Sleep Talking

“Everybody sleeps, everybody sleeps ….” Classic lines from my favorite song from waaay back on Sesame Street! (ok, I realize I’m dating myself now). But it is true isn’t it? Everybody sleeps. I mean, how much self efficacy do you require to perform one of the most basic of human behaviors? Sleeping is easy right? Like taking candy from a narcoleptic baby. How hard could it be to tuck in under a warm blanket, lay your head onto a soft pillow, snuggle up with another one and drift off into oblivion? It requires no thinking or effort, that’s why we say stuff like, “….it’s so easy I could do it in my sleep.” But is it really? The fact is, one in seven Americans have been diagnosed with a chronic sleep disorder and approximately one third of the people in the developing world have some difficulty going to sleep at night.

Sleep is a basic necessity for good health and proper functioning of all the body’s systems. It’s the time your body shuts down to repair itself. The immune system is replenished, human growth hormone is released and the neuronal synapses for long-term memory are laid down in the brain. Chronic sleep deprivation is a risk factor for some of the biggest killers out there; obesity, diabetes, heart disease, cancer and yes road traffic accidents. Besides, it’s hard to concentrate in class if you’re not getting enough sleep, not to mention the embarrassment of sleeping through a lecture. Personally coffee doesn’t do much for me anymore, if I’m not sleeping at home I’m sleeping in class, it’s that simple. Considering the cost of tuition, those brief in-class naps cost plenty!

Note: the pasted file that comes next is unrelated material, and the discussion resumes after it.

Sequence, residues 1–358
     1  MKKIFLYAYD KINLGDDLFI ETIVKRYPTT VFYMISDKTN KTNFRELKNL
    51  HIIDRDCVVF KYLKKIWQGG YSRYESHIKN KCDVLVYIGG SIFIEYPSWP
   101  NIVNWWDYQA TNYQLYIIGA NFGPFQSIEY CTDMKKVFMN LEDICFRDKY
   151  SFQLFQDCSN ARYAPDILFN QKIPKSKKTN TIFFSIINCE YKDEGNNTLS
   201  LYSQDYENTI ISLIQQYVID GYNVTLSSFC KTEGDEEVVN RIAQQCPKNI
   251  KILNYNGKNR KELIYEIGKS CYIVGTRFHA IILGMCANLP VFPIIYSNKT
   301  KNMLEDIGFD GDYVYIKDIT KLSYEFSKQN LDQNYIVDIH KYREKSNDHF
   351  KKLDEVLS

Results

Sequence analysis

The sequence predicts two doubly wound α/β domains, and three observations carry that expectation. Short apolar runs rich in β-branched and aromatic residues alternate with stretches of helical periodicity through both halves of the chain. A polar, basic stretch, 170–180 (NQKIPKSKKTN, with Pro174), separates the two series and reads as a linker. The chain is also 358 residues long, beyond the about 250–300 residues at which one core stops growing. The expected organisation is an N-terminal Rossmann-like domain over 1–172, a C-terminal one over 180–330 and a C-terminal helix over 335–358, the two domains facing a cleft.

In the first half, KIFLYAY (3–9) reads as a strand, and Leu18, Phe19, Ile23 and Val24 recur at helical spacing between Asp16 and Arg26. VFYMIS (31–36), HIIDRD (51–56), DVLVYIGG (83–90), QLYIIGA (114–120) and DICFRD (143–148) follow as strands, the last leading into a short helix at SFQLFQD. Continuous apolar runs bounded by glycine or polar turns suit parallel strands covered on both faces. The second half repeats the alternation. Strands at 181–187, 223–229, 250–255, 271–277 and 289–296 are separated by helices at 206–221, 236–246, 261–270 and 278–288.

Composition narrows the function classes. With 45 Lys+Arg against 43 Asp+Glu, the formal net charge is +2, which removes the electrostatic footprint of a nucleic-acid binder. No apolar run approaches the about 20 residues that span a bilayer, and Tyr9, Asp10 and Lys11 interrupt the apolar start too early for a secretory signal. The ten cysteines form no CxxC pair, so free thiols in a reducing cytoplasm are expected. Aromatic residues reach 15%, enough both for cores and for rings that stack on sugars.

So what can you do to get better sleep? Well it’s simple; “prepare for it.” Sleep is easy but you can’t take it for granted. The first thing is to “plan” your schedule so that you can go to bed at night and get up in the morning around the same times everyday. Work out your schedule to give you as much freedom as possible to do this. Your body has an internal clock which regulates your activities throughout the day creating a “circadian rhythm”. Irregular bedtimes can mess up this rhythm leaving your body confused about when to sleep and when to wake.

Secondly, you might want to consider developing a “bedtime routine.” It could be anything as simple as brushing your teeth at night, reading a boring book, listening to soft music, prayer and meditation. These are just basically cues telling you it’s time for bed and nothing else. After sometime, your mind adjusts to doing these things and going to bed immediately afterwards. Whatever you choose to do, it should involve as little light and as little noise as possible. It absolutely should NOT involve the TV or your computer; this brings me to the last point.



“Power down.” About thirty minutes before you hit the sack, turn off your TV and shut down your computer. You get considerable eye strain from staring at the screen all day and you should rest your eyes before going to bed. Your eyes need to go to sleep before the rest of your body catches up, so give them a thirty minute head start. Also, the light from the TV and computer screen can mess up your circadian rhythm.



What I’m simply saying is this; always prepare for sleep, plan for it and do not assume that it’s just going to come. Taking steps to improve the quality of your sleep will save you all that time you spend tossing and turning in bed wishing for daylight. And even if you’re one of those people who sleep like a log and can fall asleep standing in an upright position, the quality of your sleep can still improve dramatically if you take the necessary steps. Don’t take my word for it, try it for yourself and see. Well, it’s getting really late and I have to go start my bedtime routine, but first I need to tear myself away from this laptop. Excuse me while I power down. Goodnight, sweet dreams.


~ by sleepsmarter on April 2, 2008.

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